In the present study, we apply a simple approach called regression calibration. In the case of replicate data, this method consists in replacing the predictor measured with error with a best linear approximation (Carroll and Stefanski 1990; Gleser 1990). Regression calibration has been applied to logistic regression by Rosner et al. (1989, 1990, 1992). Using simulation experiments, Thoresen and Laake (2000, 2003) have shown that the regression calibration compares favorably with other methods like the maximum likelihood.

Postprocessing of single ensemble precipitation predictions may also be provided. Indeed, bias correcting each member by adjusting for the cumulated distribution function has been implemented at NCEP in the mid-2000s (as mentioned by Hamill and Whitaker 2006). Other examples range from the correction using the rank histogram (Hamill and Colucci 1998), methods based on analogs (Hamill and Whitaker 2006), Bayesian techniques (e.g., Reggiani and Weerts 2008), and Bayesian model averaging (e.g., Sloughter et al. 2007; Schmeits and Kok 2010).

The first aim of this study is to investigate the extended logistic regression for the postprocessing of ECMWF-EPS precipitation forecasts using information contained in the five-member hindcasts. The second goal is to take advantage of the extended logistic regression as a simple method to postprocess the ensembles members so that ensemble precipitation traces for the medium range are reconstructed. The data and the methodology are first described in section 2. In section 3, the results are discussed and the conclusions are presented in section 4.

## 2. Data and method

### a. Data

Postprocessing precipitation forecast data—like their verification—may be performed at different scales; for example, by interpolating NWP grid data to a finer grid (e.g., Hamill and Whitaker 2006) or to the rain gauge locations (e.g., Rodwell 2006) or by upscaling rain gauge data to 1° × 1° grid boxes (e.g., Schmeits and Kok 2010). In the present study, daily totals of precipitation averaged over two small test catchments in Belgium are considered (Fig. 1). Observations are based on rain gauge data interpolated using the Thiessen method and forecasts of the NWP are weighted according to the grid cells’ coverage on the catchment. The two catchments are the Kleine Gete (or Petite Gette, hereafter Gete) at Budingen, Belgium (area 276 km^{2}, elevation 25–170 m, and annual average precipitation 764 mm) and the Ourthe Orientale (hereafter Ourthe) at Mabompré, Belgium (area 317 km^{2}, elevation 280–650 m, and annual average precipitation 1029 mm).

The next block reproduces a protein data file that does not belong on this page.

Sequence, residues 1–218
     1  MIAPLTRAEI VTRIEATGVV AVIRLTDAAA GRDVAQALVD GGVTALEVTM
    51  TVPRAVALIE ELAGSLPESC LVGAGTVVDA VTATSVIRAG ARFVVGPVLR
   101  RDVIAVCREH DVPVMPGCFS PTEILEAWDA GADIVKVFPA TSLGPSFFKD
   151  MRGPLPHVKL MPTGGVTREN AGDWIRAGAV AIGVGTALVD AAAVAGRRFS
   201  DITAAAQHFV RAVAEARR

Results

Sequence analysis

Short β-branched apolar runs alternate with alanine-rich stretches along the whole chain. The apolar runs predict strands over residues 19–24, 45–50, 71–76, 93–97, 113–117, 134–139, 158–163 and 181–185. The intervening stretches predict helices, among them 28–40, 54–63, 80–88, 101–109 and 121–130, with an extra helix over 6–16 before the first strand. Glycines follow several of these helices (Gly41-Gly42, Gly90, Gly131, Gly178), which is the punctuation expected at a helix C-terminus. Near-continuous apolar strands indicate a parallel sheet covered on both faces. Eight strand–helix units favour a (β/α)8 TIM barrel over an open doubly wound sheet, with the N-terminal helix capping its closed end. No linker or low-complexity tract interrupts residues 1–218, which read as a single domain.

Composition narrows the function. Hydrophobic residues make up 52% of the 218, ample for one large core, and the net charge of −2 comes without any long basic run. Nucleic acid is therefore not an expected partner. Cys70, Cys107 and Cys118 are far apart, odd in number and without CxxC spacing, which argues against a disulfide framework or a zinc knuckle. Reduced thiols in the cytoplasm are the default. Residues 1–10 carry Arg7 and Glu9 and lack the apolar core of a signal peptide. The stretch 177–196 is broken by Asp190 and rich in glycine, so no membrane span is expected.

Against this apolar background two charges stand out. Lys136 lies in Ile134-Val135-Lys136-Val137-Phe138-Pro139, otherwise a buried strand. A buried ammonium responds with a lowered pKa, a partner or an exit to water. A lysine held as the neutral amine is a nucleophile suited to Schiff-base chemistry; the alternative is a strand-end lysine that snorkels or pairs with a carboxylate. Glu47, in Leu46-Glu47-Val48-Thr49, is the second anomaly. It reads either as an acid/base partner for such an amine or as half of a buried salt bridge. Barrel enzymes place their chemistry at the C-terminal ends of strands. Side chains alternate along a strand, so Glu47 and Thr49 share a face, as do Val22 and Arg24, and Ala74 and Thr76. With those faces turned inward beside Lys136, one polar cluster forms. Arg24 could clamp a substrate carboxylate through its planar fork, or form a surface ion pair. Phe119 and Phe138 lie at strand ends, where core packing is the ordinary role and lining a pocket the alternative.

For this study, we have analyzed EPS forecasts issued daily at 0000 UTC during a period when the ECMWF model had a spatial resolution of about 50 km and after a model change having a strong impact on precipitation forecast skill [i.e., the Integrated Forecast System cycle (cy31r1)], namely, from 12 September 2006 to 25 January 2010. Model biases might have changed even during this reduced period, but these do not seem to affect much precipitation forecasts according to ECMWF reports on preoperational tests. We have used 51-member ensembles: 1 control and 50 perturbed members.

Besides the operational EPS, a hindcast ensemble forecast has become available since 13 March 2008 (Hagedorn 2008). Every week, five forecasts (one control and four perturbed) starting at the same date for the past 18 yr are performed using the same model as for the operational EPS. In this study, we have used the hindcasts until 21 January 2010 (i.e., the last hindcast date before a major change in spatial resolution). (The different experiments based on these data are summarized at the end of this section together with Table 2, but let us now focus on the technique proposed.)

### b. Extended logistic regression and ensemble size correction

*A*is lower or equal to a threshold

*q*to the predictor

*x*and to the threshold itself:

*H*is the logistic distribution function

*a*has been chosen as predictor:

**, estimated by maximizing the likelihood function:**

*β**N*is the number of realizations in the calibration dataset,

*M*is the number of thresholds, and the observations

*y*are equal to 1 if the observed areal precipitation does not exceed the threshold

_{il}*q*and are, otherwise, equal to zero. The precipitation thresholds have been selected such that they cover the upper quantiles of the distribution (